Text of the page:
“I wanted to go to UCLA for shots to stunt my growth, but they wouldn’t let me.”

“We didn’t refuse,” her mother recalled, “but we took her to her own doctor, Dr. Holland, who measured her wrist and assured her she wouldn’t be taller than 5 foot 9 or 10.” They also encouraged their daughter, now 5 foot 10 as predicted, to enroll in modeling school.

The Sellecks’ one semilegendary act as parents was to ask their children not to drink, smoke or swear until they were 21, at which time they would be given a gold watch. All four got their watches, but none received a gold Rolex, as was widely reported, Bob Selleck said.

Tom was given a stainless-steel Rolex with gold trim that cost $150.

By the time Marti came along, however, their fortunes had improved from the days of Bob and Tom’s childhood, when the steaks on the family barbecue grill were really chuck blade roasts.

As their daughter teased her parents, “I sort of stretched the watch from a gold watch to a yellow Opel station wagon with a clock inside.”

The Sellecks said the watch-giving was a family tradition, passed down from Bob’s father and grandfather. Bob Selleck said that he and Martha resorted to another family tradition when they wanted to teach the older boys an oblique lesson during junior high.

“My father took me, and I know my brothers before me, on a tour of the Detroit city jail,” said Selleck, to whom Martha repeatedly deferred as they talked.

“As part of the tour, which was really nice, just my dad and I, the police locked us in one of the regular cells, where you were on public display. It’s like you are a gorilla in a cell. Everybody’s moving all around but you can’t get out of this cage. The toilet facilities, everything’s right there in the open. That had the effect of my thinking I don’t ever want to be in jail for any reason.

“So I did the same thing with Bob and Tom. We went through the Van Nuys city jail,” Selleck said. Their several long minutes in a jail cell weren’t intended to scare them, Bob emphasized, although he suspects that was the result.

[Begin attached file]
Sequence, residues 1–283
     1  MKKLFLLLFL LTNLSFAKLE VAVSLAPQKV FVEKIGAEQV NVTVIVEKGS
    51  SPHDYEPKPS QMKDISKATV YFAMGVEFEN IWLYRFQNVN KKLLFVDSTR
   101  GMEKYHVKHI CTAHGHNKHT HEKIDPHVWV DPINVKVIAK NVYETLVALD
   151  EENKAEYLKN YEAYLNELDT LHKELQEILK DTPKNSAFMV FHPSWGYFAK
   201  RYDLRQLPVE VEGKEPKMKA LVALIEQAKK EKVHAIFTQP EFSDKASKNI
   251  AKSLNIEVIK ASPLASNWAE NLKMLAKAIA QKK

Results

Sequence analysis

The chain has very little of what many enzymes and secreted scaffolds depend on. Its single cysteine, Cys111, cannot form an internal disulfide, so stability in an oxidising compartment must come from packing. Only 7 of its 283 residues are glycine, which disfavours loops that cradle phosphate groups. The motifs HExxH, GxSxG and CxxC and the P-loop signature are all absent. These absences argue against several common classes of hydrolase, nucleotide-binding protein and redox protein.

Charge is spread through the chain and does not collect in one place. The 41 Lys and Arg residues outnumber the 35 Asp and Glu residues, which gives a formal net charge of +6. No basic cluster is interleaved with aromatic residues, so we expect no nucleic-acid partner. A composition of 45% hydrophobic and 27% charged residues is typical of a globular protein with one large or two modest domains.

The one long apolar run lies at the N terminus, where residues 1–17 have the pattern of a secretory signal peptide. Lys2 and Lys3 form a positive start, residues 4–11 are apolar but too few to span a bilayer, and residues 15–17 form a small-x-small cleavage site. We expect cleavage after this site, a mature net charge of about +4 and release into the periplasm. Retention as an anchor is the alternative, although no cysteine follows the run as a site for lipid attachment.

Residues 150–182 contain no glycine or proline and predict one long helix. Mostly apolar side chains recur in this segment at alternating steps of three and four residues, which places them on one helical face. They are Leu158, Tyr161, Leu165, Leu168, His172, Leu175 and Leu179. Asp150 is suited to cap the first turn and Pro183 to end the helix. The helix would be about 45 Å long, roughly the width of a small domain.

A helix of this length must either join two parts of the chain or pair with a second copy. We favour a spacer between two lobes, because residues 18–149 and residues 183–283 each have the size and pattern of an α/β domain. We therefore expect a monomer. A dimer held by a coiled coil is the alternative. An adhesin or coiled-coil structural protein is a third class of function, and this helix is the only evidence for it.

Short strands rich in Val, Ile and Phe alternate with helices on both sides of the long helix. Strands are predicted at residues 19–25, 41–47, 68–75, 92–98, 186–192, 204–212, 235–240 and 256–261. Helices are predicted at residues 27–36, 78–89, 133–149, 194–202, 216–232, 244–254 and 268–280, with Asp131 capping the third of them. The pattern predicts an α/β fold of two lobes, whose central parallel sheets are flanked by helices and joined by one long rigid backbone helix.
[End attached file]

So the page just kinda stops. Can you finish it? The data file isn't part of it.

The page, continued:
Traditional mothers are coming out of the closet, one delegate said at the meeting. They even openly swapped recipes. Selleck’s was for a lemon-lime Jell-O mold with pineapple that she serves on Thanksgiving and Christmas.

“That’s the kind you make in your sleep and raise your kids on,” another American Mother sniffed about the Selleck specialty.

Dr. Norman Vincent Peale, the octogenarian positive thinker, spoke at a prayer meeting for the women. ‘What higher honor can be conferred on a woman than to be a mother, and an American mother?” he exhorted.

Don Azlett, author of “Is There Life After Housework?” and head of an Idaho janitorial service, also spoke. Introduced as “the Billy Graham of the Pine-Sol set,” Azlett compared the status of motherhood to that of “toilet-cleaners” like himself. “Do the same thing for motherhood that I did for housework,” he said. “Make it visible.”

Some of the American Mothers maintain chapels in their homes as part of their commitment to the program. Some believe no atheist or agnostic can be a good mother.

Many are political conservatives. A few are not. Barbara Boggs Sigmund, who wears an eye patch as a result of cancer surgery, was the Mother of the Year candidate from New Jersey. The mayor of Princeton, she is also the daughter of Democratic Rep. Lindy Boggs of Louisiana and a liberal Democrat “without prefix, suffix or apology,” she said, quoting the late Sam Rayburn.

At 45, she has three children, 15 to 20. “You have to have earned your stretch marks in this business,” she joked.

As a liberal, she wants a share of Mom and apple pie. “Those who describe themselves as liberals have more or less abandoned these kinds of groups,” said Sigmund, whose recipe was for “some spinach thing.”

“I don’t think that motherhood with its qualities of nurturing and affirmation is exclusively the property of one political philosophy or the other.”

Selleck smiled graciously Monday when Cimino was named mother of the year.

“We were very disappointed,” said Lucille Turner of Sherman Oaks, head of the 40-member California delegation, who sat at the Sellecks’ table.”

Bob Selleck joked about what good sports his wife’s boosters were in defeat. “There weren’t any catcalls from our table. We didn’t start a food fight,” he noted playfully.

After the Cimino announcement, he briefly visited his former high-school sweetheart on the dais.

“I went to up to Martha,” he teased, “and told her not to worry. I can learn to love a loser. And I’ll still respect her in the morning.”